Rwanda is often presented as a success story for managing to reduce corruption in society. On closer inspection, informal and formal governance in Rwanda are interlinked and this blurs the lines between licit and illegal practices. Clientelism, favouritism, and cronyism are entrenched in the establishment and maintenance of order in Rwanda.e2e69e36fce5 Other possibly more overt forms of corruption, such as bribery or kickbacks, are much more repressed, highlighting a narrow economic understanding and application of the definition of corruption.

Corrupt practices continue mainly because of power abuses, lack of control, and interdependencies related to the state’s reliance on informal governance. This reliance corresponds to a ‘social embeddedness of public policies.’ This co-production of norms – relying on state and non-state actors – is a key generator of the co-production and continuity of corrupt practices. If this facet of corruption is not seen in international rankings, it is simultaneously related to the curtailment of free speech in Rwanda, and to the intertwining of formal and informal governance – both of which ensure less visibility of and less attention to certain aspects of corruption, as opposed to the more documented financial implications of petty corruption.

An examination of how Kigali’s taxi motorcyclists deal with corrupt security officers and police officers brings insights on how to perform a social diagnosis, to reach a more tailored policy design, and to define strategic measures, which can be devised to reduce the implementation gap. Knowing how to estimate actors’ room for manoeuvre and their ability to instrumentalise or to circumvent the administration’s oversight mechanisms may be of benefit to development practitioners and the government of Rwanda.

Looking at actors’ rationale, the relationships among those actors, and their espousal of social norms, it is possible to establish a social map of a particular environment. Taxi motorycle drivers, police officers, and security officers from taxi motorcyclists’ co-operatives in Kigali are the main protagonists under examination. Using social norms theory, it is possible to identify patterns of behaviour, determine the actors’ level of agency, and measure the conditionality of actors’ preferences and how taxi motorcyclists relate to sanctions. Put another way, a social norms approach helps identify if the corrupt practices under scrutiny are a social issue or if they correspond to mere opportunistic and individual actions. Interviews and participant observations, carried out in 2013 and 2019, were the basis for understanding the evolution of actors’ practices and their cognitive perception.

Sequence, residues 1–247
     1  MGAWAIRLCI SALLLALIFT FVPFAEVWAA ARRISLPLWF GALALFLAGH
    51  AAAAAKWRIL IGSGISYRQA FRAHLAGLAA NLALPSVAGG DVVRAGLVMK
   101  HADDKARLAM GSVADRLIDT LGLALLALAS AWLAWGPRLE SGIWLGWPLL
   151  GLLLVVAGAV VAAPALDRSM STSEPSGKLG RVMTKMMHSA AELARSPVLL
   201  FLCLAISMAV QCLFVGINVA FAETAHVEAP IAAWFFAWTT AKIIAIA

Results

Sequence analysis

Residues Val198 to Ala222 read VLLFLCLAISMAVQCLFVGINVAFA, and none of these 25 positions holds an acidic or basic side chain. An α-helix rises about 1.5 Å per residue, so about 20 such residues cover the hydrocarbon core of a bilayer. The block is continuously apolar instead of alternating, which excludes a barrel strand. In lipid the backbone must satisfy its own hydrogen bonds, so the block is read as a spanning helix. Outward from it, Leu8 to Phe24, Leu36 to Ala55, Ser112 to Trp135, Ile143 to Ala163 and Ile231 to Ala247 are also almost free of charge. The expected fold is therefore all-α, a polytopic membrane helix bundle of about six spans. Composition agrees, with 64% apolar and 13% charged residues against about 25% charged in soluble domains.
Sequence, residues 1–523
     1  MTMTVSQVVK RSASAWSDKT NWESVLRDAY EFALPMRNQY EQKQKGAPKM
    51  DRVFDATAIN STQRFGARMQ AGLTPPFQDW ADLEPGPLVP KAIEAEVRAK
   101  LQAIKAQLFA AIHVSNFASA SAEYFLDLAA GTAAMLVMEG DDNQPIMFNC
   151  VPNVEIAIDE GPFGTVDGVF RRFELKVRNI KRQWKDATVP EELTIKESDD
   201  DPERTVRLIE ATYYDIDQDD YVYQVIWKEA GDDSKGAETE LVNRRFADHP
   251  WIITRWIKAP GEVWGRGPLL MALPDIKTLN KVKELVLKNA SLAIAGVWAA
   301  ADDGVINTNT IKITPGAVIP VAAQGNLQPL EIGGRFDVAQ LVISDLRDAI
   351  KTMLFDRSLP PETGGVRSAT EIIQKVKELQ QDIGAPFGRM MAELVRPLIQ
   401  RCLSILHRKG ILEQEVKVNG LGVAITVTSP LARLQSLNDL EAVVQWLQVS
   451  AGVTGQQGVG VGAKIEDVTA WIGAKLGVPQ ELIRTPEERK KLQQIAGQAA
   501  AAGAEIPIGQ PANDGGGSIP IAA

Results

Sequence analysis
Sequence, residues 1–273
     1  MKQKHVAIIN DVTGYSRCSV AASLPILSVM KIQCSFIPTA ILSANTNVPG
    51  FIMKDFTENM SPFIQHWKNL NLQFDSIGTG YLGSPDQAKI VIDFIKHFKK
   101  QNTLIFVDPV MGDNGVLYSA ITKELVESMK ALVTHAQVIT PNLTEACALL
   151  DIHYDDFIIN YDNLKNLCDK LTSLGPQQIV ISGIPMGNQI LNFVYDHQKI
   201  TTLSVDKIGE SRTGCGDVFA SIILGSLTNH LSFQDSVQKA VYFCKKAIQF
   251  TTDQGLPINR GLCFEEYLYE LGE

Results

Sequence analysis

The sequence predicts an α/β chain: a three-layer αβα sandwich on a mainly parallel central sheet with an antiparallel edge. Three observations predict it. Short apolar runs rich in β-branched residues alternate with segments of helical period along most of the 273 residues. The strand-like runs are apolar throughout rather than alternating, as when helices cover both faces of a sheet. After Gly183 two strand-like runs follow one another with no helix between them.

Taxi motorcycle drivers appear to be mostly involved in petty corruption practices; they can save money by paying bribes rather than expensive fines. Yet, they also face a system of extortion that is institutionalised: ‘The police and the security officers are always asking us for money. We are being milked for our money!’ Corrupt practices are supported by structural elements. This may be in the form of delegating authority to security officers, which adds another level of authority and, therefore, more opportunities for corruption as these officers are not sufficiently supervised. Interpersonal relationships and power relations also support corrupt practices. Two examples of this are security officers issuing fines in total illegality but with the tacit support of motorcycle co-operatives and the police, and the redistribution of officers’ bribes to superiors.

Interestingly, corrupt practices are also normalised through ritualised social exchanges. For example, a religious lexicon is adopted by taxi motorcycle drivers who ask for ‘forgiveness’ to access corruption. The use of context-specific vocabulary, special gestures, and cultural references all contribute to the ritualised exchanges among actors. However, corrupt practices do not correspond here to particular social norms, as actors do not develop normative expectations towards corruption. This presents possible remedial actions in a bid to implement anti-corruption measures in the taxi motorcycle sector. Rather than trying to change or create social norms, a consideration of the actors’ empirical expectations may provide the way forward. For instance, by changing attitudes through the positive promotion of the status of taxi motorcycle drivers; increasing security officers’ sense of accountability; and diminishing the incentives for bribery by reducing fines.

Social mapping (looking at stakeholders’ capacities) presents a way to better contextualise anti-corruption policies. In Rwanda, anti-corruption policies have had some paradoxical consequences for the road traffic safety policy. The withdrawal of the police force from traffic control duties opened the door for motorcycle co-operatives’ security officers to assume de facto the position of a road safety regulating authority for the taxi motorcycle drivers, without any checks and balances to curtail it. This consequently increased corrupt practices: when interviewed in 2013, approximately 85% of the 70 motorcycle drivers stated that they had paid a bribe to the police in the month prior to the survey. By 2019, only 25% of the drivers interviewed confirmed that they had paid a police bribe; yet 100% confirmed that they had bribed security officers.

Figure 1. Social map of interrelationships: National anti-corruption strategy in the road sector – main implementing actors.

  1. Booth & Golooba-Mutebi 2012; The Economist 2017.